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I was reading about mental illnesses and then thought one day that the uninformed regard mental illnesses the same way leprosy was regarded.

I looked up about leprosy and some papers and articles about how mental illness is a modern-day leprosy, but I can't seem to find as to what exactly is the relation, if they are even thinking the same thing I am.

So far I know, it is observed that the uninformed are not giving them the treatment they need. Specifically, why are the uninformed not giving them the treatment they need?

Is it accurate and precise to say that mental illness is regarded as modern-day leprosy since:

  1. In ancient times (or Jesus's time), uninformed people believed people who had leprosy had leprosy because they committed a grave sin or sins

  2. In modern times, uninformed people believe people who have mental illnesses have mental illnesses because they committed gravely immoral actions (see how I avoid the non-secular word "sin") ?

Take for example a drug or gambling addict. Drug and gambling addictions are mental illnesses, but an uninformed person would look at a drug or gambling addict and say that the reason that they have these sicknesses is that they started taking drugs or gambling, the immoral action.

However maybe an informed person would say that the reverse is the case: the immoral actions of starting to take drugs or gamble is caused in part by the illness that the person had or the biological, psychological or environmental predispositions that the person had.

Other examples would include procrastination, overeating or hyperactivity.

Bottom line, is it accurate and precise to say that the term "modern leprosy" is in reference to thinking:

You're crazy because you did evil things

rather than

You did evil things because you're mentally ill ?

This question may not be very clear so please recommend how I can improve this question.

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    $\begingroup$ prima facie, it's because mentally ill people are shunned in various ways "leper a person who is shunned or rejected by others for moral or social reasons." $\endgroup$ – user3293056 Oct 6 '15 at 8:16
  • $\begingroup$ Psychologists are writing with a duty to care for those who suffer psychologically - especially in this context, those with mental health problems. But you're right that the term "modern day leprosy" is used to critique the common idea that people with mental health problems are evil - or better "immoral", or just contemptible for any reason at all. Whether or not the psychologists who complain about these common attitudes, are actually doing any good in doing so. $\endgroup$ – user3293056 Oct 6 '15 at 10:17
  • $\begingroup$ @user3293056 How can you suffer psychologically without having a mental health problem? $\endgroup$ – Red Rackham Oct 11 '15 at 15:31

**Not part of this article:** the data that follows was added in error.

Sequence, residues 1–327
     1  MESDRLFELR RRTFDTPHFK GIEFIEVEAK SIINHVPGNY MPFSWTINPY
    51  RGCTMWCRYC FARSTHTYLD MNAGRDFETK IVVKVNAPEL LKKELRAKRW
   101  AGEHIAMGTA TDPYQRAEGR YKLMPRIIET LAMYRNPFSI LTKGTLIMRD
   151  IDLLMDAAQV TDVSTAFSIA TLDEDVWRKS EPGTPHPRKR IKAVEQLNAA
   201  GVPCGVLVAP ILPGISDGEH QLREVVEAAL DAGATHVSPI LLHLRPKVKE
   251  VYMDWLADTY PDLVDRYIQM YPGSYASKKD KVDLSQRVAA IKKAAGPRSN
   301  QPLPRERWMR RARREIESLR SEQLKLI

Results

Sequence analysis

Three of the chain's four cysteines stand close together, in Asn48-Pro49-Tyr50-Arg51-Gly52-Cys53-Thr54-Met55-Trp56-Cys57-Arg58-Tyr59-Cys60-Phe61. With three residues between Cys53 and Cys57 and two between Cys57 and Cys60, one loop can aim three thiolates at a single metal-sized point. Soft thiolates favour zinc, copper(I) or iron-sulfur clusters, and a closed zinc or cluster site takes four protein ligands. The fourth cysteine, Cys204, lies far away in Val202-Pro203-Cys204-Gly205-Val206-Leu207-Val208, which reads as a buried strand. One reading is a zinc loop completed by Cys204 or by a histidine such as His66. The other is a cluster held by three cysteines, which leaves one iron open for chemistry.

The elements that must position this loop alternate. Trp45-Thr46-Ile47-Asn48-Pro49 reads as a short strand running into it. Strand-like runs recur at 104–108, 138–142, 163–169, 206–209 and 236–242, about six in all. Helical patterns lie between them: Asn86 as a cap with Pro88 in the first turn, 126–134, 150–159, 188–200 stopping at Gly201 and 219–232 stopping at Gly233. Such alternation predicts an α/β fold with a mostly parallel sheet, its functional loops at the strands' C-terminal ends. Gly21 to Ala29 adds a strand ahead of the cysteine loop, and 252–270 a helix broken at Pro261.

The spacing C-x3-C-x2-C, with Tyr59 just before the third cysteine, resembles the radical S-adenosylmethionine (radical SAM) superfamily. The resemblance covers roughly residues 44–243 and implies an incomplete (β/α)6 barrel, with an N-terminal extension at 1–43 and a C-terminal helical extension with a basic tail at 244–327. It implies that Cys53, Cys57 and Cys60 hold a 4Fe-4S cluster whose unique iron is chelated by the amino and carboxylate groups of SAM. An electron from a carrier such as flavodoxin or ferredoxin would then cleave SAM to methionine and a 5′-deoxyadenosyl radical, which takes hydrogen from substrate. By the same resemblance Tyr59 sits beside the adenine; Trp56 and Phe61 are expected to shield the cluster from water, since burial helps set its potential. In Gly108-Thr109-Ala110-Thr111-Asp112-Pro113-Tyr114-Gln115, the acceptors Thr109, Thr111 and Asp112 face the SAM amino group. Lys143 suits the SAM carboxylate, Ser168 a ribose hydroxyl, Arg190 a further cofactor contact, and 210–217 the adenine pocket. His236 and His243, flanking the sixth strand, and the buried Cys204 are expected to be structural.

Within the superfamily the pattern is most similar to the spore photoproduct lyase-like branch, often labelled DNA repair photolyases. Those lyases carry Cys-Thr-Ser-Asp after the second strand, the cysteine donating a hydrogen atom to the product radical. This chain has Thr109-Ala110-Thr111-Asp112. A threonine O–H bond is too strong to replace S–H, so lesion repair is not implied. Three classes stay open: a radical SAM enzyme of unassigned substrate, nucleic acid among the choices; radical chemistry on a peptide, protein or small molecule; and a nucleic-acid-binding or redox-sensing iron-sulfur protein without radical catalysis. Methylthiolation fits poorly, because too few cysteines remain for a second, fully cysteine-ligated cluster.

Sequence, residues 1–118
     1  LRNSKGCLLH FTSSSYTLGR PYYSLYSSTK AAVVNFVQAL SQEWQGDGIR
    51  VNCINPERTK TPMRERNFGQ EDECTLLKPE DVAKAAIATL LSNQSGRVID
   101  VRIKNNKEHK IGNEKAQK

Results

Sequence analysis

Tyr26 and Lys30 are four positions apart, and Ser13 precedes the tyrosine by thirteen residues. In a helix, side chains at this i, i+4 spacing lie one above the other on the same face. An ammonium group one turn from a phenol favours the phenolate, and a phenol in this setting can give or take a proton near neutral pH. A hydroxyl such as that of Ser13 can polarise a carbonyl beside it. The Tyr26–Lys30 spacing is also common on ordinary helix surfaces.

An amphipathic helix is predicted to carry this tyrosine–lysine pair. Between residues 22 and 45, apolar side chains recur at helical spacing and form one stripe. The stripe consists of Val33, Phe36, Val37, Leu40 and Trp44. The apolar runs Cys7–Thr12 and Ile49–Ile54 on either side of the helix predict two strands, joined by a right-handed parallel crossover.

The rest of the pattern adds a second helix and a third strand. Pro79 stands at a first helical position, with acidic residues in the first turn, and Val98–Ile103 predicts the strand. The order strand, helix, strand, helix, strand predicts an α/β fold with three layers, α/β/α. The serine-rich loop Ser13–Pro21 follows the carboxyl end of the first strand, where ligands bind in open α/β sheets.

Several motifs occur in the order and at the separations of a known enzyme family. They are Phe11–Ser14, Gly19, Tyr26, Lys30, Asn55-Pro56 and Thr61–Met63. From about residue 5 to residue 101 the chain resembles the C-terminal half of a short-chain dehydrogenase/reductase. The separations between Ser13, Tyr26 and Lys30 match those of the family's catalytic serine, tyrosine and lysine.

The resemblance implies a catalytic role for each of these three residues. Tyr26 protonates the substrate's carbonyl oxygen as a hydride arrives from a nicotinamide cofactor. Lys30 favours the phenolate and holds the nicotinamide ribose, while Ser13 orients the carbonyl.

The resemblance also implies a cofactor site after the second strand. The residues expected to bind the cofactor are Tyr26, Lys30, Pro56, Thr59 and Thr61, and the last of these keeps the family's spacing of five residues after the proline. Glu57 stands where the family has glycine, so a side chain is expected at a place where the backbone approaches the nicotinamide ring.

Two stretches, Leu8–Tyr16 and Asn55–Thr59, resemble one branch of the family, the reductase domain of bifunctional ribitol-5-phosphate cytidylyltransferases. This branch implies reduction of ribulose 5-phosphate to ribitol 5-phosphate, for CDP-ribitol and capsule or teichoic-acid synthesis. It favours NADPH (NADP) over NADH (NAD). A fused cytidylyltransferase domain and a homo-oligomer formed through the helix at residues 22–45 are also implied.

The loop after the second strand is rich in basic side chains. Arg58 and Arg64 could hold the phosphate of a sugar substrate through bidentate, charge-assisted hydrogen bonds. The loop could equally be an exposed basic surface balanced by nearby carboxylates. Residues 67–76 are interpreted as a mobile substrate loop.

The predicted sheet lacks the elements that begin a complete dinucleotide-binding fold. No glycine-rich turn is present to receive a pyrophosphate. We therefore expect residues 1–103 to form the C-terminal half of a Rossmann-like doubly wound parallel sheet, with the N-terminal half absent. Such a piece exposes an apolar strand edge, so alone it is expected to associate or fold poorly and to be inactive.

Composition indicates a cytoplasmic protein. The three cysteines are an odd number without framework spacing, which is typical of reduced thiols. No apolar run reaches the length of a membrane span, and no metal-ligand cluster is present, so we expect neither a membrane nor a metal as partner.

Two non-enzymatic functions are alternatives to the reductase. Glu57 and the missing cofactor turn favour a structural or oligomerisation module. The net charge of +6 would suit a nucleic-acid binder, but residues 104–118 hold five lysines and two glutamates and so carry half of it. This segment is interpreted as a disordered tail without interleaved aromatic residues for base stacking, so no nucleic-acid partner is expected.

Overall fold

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    $\begingroup$ This question is very interesting but I believe will not receive a satisfying answer on CogSci, partly because it is primarily opinion based. Perhaps you have a better chance of finding an answer at Philosophy. $\endgroup$ – Robin Kramer Aug 16 '16 at 9:17
  • $\begingroup$ I think your premise is faulty. Leprosy of the Bible (tzara'at in Hebrew) is not modern leprosy (Hansen's Disease). The tzara'at described in the Bible is a divine act from God that can afflict persons or houses or clothing. It was not a natural disease. $\endgroup$ – Judah Himango Jan 24 '17 at 20:10
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This term depicts a wide spread problem in society that the term 'mental illness' carries with it stigmas and negative connotations.

Firstly, From a psychologist's perspective, we want people with mental illnesses to recognise them and seek help/treatment so that the problem can be solved. However, negative labels often cause people to ignore signs of mental illness. The effect is that fewer people with problems are seeking help from them, causing them and those around them to suffer for it.

Secondly, mental illnesses carry no moral significance or worth. An individual afflicted by a mental illness has done nothing to deserve it. It is unfair on them to be ostracized for something beyond their control, however this is often what happens with mental illnesses.

Leprosy has been greatly feared and shunned for thousands of years by humans everywhere. An individual with leprosy would be separated from the society and would be forced to survive on their own or find a leper colony if they were lucky. This is similar to how many people suffering mental illness suffer today. Often they cannot take care of themselves, and are shunned regardless of their suffering.

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